June 27, 2015

Talking Shop: Braving the Amazon Trail

Imagine for a moment that you work the pro shop at the gym.

You like working at the gym. Exercise and training is your passion. You know everything there is to know about the fitness equipment, nutritional supplements, and workout gear in your pro shop, and how your customers can best enjoy their workouts. You love working with the people who come to the gym. You enjoy being available to them and talking with them about equipment, exercise regimens...

Look, you really like working at this gym, okay?

Now think about all the people who sign up for a gym membership each day. Let's not talk about "each" day, actually: let's talk about one day. New Year's Day. The day when everybody and their mother decide to go on a diet, eat right, exercise, and become a gym rat. On that day hundreds of new folks come to your gym and apply for one of those "one week free" trial periods. And this is great! You have the chance to show all these new folks all your favorite equipment and the best classes to take and best of all, everybody is happy to listen because they're sampling your gym for free!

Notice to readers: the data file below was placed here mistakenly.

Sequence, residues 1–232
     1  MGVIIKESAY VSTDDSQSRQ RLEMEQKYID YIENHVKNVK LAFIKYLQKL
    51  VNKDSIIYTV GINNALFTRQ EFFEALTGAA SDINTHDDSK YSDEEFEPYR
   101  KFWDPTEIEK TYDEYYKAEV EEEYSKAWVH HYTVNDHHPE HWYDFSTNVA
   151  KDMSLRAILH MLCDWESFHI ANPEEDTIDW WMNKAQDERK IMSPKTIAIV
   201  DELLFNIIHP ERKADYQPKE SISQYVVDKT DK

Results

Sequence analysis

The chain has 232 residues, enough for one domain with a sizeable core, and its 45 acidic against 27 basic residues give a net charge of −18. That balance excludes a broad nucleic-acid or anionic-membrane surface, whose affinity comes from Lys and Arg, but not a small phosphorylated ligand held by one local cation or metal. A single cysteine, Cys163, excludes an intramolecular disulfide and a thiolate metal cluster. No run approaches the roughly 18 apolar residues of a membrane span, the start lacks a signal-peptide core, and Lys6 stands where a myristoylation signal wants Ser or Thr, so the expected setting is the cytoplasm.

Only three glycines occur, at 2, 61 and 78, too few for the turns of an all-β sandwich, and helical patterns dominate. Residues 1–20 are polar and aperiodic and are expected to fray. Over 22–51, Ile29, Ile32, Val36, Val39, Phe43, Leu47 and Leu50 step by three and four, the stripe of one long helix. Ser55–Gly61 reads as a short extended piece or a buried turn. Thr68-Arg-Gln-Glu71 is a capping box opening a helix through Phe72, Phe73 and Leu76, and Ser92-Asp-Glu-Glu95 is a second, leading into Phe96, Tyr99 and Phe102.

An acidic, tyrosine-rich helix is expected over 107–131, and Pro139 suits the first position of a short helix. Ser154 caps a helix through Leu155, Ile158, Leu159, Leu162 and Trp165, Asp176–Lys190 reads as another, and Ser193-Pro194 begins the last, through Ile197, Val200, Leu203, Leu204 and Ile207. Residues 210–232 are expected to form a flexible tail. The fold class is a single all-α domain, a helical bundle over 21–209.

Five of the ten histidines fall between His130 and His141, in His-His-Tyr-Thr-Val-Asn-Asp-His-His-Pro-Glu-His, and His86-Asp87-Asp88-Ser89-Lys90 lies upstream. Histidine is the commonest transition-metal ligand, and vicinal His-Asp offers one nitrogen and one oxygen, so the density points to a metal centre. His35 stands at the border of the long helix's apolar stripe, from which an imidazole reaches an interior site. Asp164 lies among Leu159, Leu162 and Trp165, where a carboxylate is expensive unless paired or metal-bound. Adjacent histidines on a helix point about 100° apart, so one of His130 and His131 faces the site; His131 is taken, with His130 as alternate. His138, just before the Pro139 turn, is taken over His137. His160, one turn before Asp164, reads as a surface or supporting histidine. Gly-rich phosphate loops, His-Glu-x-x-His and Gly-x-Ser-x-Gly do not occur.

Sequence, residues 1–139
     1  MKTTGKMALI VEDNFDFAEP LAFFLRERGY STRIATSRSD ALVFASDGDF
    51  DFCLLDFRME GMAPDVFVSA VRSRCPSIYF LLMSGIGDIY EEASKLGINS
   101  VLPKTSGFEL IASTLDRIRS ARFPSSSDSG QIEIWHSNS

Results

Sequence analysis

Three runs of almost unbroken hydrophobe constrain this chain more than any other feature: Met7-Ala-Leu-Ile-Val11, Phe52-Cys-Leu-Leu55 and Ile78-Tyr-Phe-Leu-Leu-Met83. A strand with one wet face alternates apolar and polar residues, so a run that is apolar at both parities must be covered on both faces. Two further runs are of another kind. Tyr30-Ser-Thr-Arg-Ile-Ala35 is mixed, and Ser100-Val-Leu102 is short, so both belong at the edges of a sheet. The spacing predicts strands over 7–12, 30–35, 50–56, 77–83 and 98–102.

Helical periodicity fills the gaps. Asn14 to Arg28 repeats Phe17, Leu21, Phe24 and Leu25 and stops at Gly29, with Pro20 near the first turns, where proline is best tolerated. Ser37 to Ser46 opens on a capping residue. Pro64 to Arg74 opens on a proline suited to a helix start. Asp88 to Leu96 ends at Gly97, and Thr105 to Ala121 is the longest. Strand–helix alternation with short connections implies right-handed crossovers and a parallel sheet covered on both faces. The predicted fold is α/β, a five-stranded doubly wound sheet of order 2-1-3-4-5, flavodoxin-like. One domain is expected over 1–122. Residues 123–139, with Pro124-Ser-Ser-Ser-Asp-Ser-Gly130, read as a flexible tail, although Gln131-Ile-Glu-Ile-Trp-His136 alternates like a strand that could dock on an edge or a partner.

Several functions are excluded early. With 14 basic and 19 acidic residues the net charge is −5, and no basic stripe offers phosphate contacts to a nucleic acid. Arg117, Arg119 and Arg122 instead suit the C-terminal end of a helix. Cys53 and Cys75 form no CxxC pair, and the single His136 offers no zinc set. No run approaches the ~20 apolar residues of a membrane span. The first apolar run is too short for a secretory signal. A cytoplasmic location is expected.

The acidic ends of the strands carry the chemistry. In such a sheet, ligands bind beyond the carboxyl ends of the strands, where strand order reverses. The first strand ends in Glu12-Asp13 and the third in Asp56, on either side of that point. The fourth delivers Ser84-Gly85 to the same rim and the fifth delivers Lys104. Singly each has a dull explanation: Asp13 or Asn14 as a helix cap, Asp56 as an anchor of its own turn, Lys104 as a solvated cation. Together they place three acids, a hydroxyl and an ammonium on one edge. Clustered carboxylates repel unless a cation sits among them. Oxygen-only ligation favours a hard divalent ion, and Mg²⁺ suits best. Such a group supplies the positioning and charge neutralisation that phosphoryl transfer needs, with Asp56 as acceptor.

Then a week later all these new folks sign up for their brand-spanking new gym membership. 

And then, of course, a few of them--even though they signed up--start losing their motivation. They come less and less...they eventually start forgetting to come for weeks at a time. They keep up their membership--they pay their dues every month--but only because they want to keep the option open to come in and work out. And some of them go months and months without ever popping in.

That's okay, though, right? I mean it's their choice to pay their dues every month even if they're not coming in regularly. You've got plenty of other people to talk to and help out and show around and get excited.